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No Real Astros News, so I'll pseudo-rant

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I generally make it a rule to try and avoid reading the Astros Mailbag on Astros.com because reading the reader questions generally leads to a crushing blow to my faith in humanity.  I will preface the following with: I generally have always found Alyson Footer's responses to be intelligent and handle the idiocy with which she is presented in a very calm and professional manner.  I also admire the fact that she really doesn't shy away at taking shots at the organization.  However, this morning, when I caved trying to find something to write about and read the mailbag I became alarmed.

In response to a question about whether we'd be able to "Go after Derek Lowe or settle for Ben Sheets," Footer responded with:

I can see the Astros pursuing Sheets, but with his injury history, they need to proceed with caution. He missed a total of 35 starts over three seasons from 2005-07 with injuries, and while he had a good year in '08, he ended it with a serious elbow injury that kept him from pitching in the postseason. Apparently he's taking the rest-and-relaxation route instead of surgery, and I fear if the Astros sign him, they'll end up losing him to elbow surgery within a year.

The emphasis was added by me, but hopefully it conveys the message.  I can only think of two things to explain this:  

  1. This is Footer's own opinion and something she didn't research very well before she responded.
  2. This is the Astros new company line: that Sheets had a serious injury, and deferred surgery.
Both cases are a shirking of either due diligence in reporting or journalistic integrity --  in the latter instance.  Either way, I will now go ahead hash out, again, that Ben Sheets did not suffer a terrible injury -- and that there's no way he could have even had surgery.

On September 22nd, I researched and wrote this on Sheets' injury:
Sheets, though averaging just 3 pitches more per start than Oswalt, has amassed 61,290 PAP (pitcher abuse points) .  To date, and in just 2 IP less, Roy has amassed a scant 21,000 by comparison.  It's a ludicrous gap, which speaks to Ned Yost's utter abuse of Sheets and the fact that Sheets was not utilized intelligently by the Brewers this year.

It also begs the question: would Ben Sheets have forearm tightness if he only had 21,000 PAP?  I don't think that he would.  The research that has gone into PAP has yielded the finding that injuries are highly correlated with mounting levels of PAPs -- unless you're Tim Lincecum, Randy Johnson, or CC Sabathia (i.e. freaks).
Now lets also remember that Sheets suffer from a strain in the flexor muscle in his forearm.  It is the literal equivalent of a pulled hamstring.  Now I'm sure a lot of us have pulled a hammy or two in our days, and if you're like me it was because a) you didn't stretch very well or b) you were being stupid in how much you were doing and eventually your hamstring just gave out (think way too many wind sprints).  Sheets would be in answer choice b).  A muscle pull/strain is something that only heals with rest and relaxation, and I'm not sure surgery could really do anything until it became a massive tear.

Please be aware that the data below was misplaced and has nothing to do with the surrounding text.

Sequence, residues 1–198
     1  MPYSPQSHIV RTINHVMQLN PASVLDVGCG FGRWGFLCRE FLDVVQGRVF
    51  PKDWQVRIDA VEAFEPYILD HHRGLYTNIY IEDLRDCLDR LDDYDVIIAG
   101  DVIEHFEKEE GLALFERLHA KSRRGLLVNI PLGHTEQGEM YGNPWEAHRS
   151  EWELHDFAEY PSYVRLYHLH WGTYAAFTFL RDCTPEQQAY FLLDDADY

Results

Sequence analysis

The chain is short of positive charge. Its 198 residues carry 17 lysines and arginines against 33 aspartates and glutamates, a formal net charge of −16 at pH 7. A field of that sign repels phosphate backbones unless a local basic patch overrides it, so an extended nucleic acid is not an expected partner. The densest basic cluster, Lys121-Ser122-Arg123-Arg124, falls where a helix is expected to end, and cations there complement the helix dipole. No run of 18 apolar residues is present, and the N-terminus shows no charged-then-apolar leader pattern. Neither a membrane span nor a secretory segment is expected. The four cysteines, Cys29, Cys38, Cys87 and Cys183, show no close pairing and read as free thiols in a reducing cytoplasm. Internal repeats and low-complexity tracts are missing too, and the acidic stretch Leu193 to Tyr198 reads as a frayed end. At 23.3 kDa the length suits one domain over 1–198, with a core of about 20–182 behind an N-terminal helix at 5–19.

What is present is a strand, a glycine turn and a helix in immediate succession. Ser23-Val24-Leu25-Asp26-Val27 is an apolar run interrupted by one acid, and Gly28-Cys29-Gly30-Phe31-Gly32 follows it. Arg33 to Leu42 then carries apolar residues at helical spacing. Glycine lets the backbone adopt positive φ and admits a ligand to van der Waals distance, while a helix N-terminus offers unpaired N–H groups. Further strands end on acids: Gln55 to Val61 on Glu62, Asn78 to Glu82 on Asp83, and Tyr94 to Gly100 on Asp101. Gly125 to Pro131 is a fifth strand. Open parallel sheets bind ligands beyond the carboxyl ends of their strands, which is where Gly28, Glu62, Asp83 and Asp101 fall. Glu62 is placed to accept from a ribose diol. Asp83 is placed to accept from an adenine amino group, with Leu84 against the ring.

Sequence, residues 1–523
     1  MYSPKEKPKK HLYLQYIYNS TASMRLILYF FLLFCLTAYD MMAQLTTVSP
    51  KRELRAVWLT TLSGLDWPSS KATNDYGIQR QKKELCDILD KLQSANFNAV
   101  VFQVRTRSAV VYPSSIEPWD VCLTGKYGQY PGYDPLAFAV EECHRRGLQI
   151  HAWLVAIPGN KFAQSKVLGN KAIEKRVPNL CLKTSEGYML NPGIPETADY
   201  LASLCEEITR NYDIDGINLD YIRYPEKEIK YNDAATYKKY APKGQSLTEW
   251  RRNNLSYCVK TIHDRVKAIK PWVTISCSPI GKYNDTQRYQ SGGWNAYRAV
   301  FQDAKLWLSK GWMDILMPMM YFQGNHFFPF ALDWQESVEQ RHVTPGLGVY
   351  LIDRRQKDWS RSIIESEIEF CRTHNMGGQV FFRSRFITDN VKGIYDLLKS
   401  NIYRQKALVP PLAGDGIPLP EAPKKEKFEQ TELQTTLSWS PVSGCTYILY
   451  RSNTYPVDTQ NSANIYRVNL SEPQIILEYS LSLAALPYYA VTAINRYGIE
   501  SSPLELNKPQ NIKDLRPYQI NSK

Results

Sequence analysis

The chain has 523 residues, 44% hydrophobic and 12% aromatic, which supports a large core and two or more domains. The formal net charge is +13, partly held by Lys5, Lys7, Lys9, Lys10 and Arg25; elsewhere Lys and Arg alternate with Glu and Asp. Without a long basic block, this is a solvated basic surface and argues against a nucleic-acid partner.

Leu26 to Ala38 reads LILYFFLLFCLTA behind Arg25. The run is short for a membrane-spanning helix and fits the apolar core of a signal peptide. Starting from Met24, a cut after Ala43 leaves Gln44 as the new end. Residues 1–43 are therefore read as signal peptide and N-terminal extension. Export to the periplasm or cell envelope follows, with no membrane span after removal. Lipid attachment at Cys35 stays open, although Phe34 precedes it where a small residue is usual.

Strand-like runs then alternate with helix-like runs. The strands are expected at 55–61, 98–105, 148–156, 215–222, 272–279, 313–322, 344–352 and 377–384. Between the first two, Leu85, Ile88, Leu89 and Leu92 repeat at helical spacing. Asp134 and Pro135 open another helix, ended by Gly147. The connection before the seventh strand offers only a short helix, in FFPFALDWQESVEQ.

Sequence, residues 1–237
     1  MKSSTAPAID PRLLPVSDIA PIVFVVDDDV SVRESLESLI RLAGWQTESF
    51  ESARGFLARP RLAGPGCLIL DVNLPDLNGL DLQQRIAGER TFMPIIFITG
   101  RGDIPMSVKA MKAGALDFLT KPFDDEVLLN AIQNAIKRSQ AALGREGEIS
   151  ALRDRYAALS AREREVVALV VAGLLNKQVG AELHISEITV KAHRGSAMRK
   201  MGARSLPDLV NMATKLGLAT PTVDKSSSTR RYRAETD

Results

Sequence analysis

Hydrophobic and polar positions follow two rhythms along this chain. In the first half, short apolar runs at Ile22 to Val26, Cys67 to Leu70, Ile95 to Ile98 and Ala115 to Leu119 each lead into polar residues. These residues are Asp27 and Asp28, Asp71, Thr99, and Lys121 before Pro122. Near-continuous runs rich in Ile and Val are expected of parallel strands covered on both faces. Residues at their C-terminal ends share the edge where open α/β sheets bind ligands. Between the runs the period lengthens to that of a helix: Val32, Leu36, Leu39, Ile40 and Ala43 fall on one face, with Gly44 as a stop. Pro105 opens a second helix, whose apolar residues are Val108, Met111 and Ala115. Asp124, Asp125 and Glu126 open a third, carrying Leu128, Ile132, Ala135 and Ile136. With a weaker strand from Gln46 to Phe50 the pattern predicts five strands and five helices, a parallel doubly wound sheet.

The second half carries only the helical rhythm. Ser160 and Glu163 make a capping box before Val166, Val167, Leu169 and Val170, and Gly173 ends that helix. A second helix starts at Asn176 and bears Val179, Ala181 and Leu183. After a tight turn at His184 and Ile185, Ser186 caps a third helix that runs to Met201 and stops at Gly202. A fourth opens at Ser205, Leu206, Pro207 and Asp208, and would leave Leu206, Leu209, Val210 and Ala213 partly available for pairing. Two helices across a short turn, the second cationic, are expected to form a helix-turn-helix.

After I wrote that article, in anticipation of someone not buying the argument -- also checking to determine the very distinct possibility that I was wrong -- I contacted a noted injury expert to get his advice (if that's something that I can do with a blog, I'm sure a beat writer could definitely do this too).  This is what he had to say in response to my claims:
I do think you're on the right track here in that Sheets is risky and that risk was exacerbated by his long stints. I think it's a combination of both, but it's notable that most of his injuries have not been in his arm, unless you use the broadest sense. I'd be willing to say that mechanical problems were exacerbated by heavy usage that left him fatigued. I'd also say that he has a steep fatigue curve, dropping off quickly rather than slowly declining.
Essentially, Ben Sheets is risky because he's fragile, but it wasn't until he get abused that this led to any problems.  No serious injury concerns; no talk of surgery.

If this truly was just Footer's off the cuff response to the questions, than my apologies for blowing them out of proportion -- but still it was a big over exaggeration on her part.  If this is the Astros new company line, I just wanted to continue to call bull shit on their bull shit.

The one positive note we can take away from this whole ordeal is in the first sentence I quoted from Footer: